The standard deviation of the aerosol optical depth averaged over the 1.125° grid cells is shown in Fig. 8 for 27 July 1986 as a function of the grid cell average *τ*. The standard deviation is composed of contributions from digitization and detector sensitivity noise, which are independent of the average optical depth in each grid cell, and a contribution, which increases with optical depth, due to the intrinsic variation of optical depth over the grid cell. The digitization noise is 0.5 counts or Δ_{d}*R* = 0.00053. The AVHRR radiometers were designed to achieve a noise level of Δ_{n}*R* = 0.0017, which, according to Rao (1987), has been attained or exceeded in all the radiometers. Thus, the combined random error of individual normalized radiance measurements is Δ_{r}*R* ≤ 0.0018, which corresponds to an error in optical depth of Δ_{r}*τ*_{a} ≤ 0.024 (median over observing geometries). The observed median standard deviation for 27 July, *s*(*τ*_{a}) = 0.014 (Fig. 8), is consistent with these instrument characteristics and is taken to be representative of the random errors of individual optical depth retrievals. Because the 1.125° grid cells average tens to hundreds of points, these instrumental random errors decrease by a factor of *N*^{1/2} in the grid cell average and can therefore be neglected.

We examined the median standard deviation, *s*(*τ*_{a}), for any systematic dependencies on *μ*_{0}, *μ*, *ϕ*, and Θ_{−}. The only significant dependencies are the approximate proportionality between *s*(*τ*_{a}) and *μ* and 1/*p*_{a}(Θ_{−}). These are expected, because, for a constant optical depth, the signal (normalized radiance *R*_{a}) increases as 1/*μ* and *p*_{a}(Θ_{−}).

### d. Latitudinal distribution

For a preliminary examination of the potential for detecting latitudinal variations in differences in aerosol optical depth due to varying aerosol column burdens, Fig. 9 shows the optical depth as a function of latitude. For each of the two dates, the high values in the Tropics are probably associated with mineral and biomass-burning aerosols. As these aerosols are concentrated in the subtropical Atlantic, this peak is exhibited more prominently in the July data, longitude range 100°W–150°E, than in the October data, which have global coverage.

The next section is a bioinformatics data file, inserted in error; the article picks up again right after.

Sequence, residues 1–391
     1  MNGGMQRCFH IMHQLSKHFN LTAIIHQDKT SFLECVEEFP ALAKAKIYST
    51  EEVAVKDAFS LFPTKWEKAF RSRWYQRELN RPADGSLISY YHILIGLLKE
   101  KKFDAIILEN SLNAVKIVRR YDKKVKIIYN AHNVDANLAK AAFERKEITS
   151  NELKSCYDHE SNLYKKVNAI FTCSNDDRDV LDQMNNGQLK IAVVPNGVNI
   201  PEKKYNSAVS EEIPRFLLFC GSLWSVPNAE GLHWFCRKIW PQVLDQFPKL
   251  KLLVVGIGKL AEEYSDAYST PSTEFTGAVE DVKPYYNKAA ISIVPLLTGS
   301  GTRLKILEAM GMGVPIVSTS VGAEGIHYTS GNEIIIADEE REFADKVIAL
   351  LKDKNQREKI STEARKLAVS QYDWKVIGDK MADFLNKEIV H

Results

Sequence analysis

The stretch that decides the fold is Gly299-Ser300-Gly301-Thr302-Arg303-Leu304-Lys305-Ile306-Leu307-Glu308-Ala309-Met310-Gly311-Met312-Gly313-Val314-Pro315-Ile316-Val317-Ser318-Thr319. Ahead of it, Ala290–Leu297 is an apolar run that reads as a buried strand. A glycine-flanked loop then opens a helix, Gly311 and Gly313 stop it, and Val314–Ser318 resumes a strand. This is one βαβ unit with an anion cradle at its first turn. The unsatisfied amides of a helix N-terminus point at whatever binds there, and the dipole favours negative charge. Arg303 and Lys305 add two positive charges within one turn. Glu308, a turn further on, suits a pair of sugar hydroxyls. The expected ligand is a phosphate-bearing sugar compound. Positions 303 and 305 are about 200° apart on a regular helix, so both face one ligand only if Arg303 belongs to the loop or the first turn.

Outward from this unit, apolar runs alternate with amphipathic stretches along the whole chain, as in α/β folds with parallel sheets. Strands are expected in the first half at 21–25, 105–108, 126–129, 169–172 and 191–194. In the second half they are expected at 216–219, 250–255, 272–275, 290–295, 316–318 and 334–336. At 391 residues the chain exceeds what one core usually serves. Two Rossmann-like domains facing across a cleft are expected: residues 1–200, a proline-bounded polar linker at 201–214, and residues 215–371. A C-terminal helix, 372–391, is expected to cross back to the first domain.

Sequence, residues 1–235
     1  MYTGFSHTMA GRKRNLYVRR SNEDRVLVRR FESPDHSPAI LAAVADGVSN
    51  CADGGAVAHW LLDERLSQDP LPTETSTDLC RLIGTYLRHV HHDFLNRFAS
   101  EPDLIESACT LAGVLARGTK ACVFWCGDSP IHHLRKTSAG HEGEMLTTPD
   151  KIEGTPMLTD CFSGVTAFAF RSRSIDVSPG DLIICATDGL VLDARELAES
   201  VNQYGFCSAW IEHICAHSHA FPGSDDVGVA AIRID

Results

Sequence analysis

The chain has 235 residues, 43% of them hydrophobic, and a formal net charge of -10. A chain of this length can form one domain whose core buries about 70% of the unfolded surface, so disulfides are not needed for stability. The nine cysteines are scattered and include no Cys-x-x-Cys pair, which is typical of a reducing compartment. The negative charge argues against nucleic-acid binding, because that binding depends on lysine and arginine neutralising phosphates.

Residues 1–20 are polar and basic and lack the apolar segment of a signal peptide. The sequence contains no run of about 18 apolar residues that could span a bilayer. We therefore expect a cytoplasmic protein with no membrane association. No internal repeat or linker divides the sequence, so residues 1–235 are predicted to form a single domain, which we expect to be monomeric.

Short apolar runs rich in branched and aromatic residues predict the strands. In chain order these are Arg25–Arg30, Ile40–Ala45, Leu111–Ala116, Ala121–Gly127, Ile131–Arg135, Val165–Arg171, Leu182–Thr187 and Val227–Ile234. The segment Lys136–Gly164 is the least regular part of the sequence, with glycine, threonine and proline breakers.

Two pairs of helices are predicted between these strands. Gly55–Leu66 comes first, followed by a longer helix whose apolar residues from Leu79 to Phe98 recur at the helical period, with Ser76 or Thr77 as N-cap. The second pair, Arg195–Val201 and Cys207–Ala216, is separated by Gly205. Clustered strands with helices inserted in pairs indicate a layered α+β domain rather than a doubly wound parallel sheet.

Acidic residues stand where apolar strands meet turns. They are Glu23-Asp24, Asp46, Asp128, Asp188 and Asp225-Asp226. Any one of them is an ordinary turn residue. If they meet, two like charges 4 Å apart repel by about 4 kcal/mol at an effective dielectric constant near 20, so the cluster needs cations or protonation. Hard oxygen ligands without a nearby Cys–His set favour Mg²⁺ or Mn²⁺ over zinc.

The locally weighted scatterplot smoothing (Cleveland 1979, LOWESS) curves in Fig. 9 follow the local median values and are therefore representative of the background aerosol optical depths. The variation of this background optical depth with latitude could be due in part to error in the assumed aerosol phase function (section 5).

The high values at the northern limit of the July data are concentrated in the Barents Sea, northeast of the Scandinavian peninsula, and may be indicative of anthropogenic aerosol. The high values near 45°N in the October data are concentrated in the northern Pacific and are probably of Asian origin.

### e. Reproducibility

The Barents Sea data for 27 July 1986 are particularly valuable because they lie in an area of overlapping orbits and they happen to include regions exhibiting relatively high values of *τ*_{a} ∼ 0.5. In the latitude range 66°–72°, the observed optical depths varied substantially and systematically as a function of longitude (Fig. 10). Notably, the data from five consecutive orbits show the same trend without obvious systematic residual dependence on solar or viewing zenith angles.